Similarly, you can see the same exponential growth in virtually everything that has to do with technology: transportation (from legs, to horses, to carriages, to sail ships, to steam trains, to steam cars, to gas cars, to airplanes, to helicopters, to spaceships, to "smart" cars - as you see every step taking less and less time), dentistry (from knocking out that aching tooth, to drilling, to anesthetics, to prosthetics, to preventive dental hygienists, to X-rays, to ultrasound whitening), archeology (from "hey, here's an old cup" to satellite site detection - I skipped the intermediate steps for brevity), clothing (from animal furs to "smart" clothes that can transmit a person's vital signals such as heart rate and temperature), window-making (from a hole on the wall to high-tech windows featuring glass with power-adjusted transparency), etc.
Why do we keep thinking linearly?
So history clearly shows how technology indeed advances exponentially. And this can have profound effects on people's predictions and expectations for the future. But why then so many people fall into the trap of "linear thinking"? Ah... well, it's easy to see why: until very recently, the progress rate of technology was still in the range of several decades per step. This means that it was very difficult for people to see this exponential growth, unless they studied history of technology. However, today it's easier to see this growth, because technology has just reached the point where every step now takes just a few years. So everybody has experienced several accelerating steps in their own lifetime. But it's true that we, people, are a little slow and resistant into changing our well-established ways of thinking, and this is especially true for older people. This means that we try to preserve the "linear thinking" that has worked so well in the past for most of us, when it was still safe to assume that things would stay pretty much the same for the next few decades.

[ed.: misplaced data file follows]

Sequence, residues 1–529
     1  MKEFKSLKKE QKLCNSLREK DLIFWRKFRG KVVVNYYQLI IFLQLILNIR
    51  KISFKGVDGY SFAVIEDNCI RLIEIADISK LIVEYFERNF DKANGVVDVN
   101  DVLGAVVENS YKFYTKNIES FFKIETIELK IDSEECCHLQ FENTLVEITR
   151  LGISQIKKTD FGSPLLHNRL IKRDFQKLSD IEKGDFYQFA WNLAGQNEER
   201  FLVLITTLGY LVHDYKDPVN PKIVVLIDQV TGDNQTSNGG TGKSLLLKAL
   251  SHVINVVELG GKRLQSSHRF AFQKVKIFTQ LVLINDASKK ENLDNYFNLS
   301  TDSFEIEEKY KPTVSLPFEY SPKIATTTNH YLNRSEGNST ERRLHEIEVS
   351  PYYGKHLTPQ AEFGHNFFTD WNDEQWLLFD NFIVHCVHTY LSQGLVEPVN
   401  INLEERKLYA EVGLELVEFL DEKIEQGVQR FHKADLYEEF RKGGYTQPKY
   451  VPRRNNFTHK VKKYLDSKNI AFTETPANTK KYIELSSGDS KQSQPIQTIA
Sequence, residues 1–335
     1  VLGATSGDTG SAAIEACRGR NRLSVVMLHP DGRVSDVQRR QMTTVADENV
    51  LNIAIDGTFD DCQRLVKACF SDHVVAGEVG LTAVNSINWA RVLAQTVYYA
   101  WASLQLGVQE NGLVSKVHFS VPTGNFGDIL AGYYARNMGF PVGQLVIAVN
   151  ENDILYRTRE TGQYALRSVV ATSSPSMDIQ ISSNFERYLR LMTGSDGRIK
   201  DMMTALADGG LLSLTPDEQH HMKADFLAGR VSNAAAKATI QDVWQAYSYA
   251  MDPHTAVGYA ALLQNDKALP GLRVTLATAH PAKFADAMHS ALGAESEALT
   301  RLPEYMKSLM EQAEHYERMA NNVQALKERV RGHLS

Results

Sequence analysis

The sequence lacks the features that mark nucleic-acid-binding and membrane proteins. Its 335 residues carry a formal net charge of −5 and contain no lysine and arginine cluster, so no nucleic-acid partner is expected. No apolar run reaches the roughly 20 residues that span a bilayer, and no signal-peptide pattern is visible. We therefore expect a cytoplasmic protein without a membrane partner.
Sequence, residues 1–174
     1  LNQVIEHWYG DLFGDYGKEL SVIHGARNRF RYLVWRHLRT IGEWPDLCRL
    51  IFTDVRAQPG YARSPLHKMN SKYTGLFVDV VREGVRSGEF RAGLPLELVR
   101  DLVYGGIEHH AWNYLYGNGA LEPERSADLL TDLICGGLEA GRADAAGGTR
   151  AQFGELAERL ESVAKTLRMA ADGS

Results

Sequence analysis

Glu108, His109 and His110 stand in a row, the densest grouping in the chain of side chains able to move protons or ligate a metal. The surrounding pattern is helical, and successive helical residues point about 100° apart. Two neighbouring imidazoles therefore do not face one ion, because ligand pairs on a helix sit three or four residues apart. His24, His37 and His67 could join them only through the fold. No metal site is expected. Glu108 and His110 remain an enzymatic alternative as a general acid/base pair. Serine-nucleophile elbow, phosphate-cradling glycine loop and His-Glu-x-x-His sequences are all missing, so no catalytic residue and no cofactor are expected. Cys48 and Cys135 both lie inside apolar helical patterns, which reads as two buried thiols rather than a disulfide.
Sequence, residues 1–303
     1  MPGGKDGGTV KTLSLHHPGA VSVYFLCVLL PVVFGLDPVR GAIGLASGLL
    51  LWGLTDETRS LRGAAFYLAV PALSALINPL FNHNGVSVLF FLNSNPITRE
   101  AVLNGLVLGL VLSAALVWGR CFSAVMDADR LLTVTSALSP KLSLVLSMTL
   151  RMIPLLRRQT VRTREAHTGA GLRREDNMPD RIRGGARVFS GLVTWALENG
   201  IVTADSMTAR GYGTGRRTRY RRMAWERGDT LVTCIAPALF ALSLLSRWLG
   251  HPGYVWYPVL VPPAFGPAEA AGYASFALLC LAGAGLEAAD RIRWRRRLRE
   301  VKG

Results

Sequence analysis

Try to think exponentially
Unfortunately today this liner thinking is not good enough. If we try to make predictions or invest for our future based on linear thinking, we'll start making big mistakes. The correct way to be thinking in today's world is to THINK EXPONENTIALLY. Try that, and you'll see how dramatically the picture of the near future changes. And it is important to get this picture right, because huge changes will now occur within our lifetime... And we better be prepared for them. See how different the answer is to the question of when computers will outsmart humans: linear thinking concludes "never", whereas exponential thinking predicts "20 years"... If exponential thinking is right (which I have no doubt), then this has huge effects on the way we should be planning and preparing for our own future.
For further reading, I would recommend the following: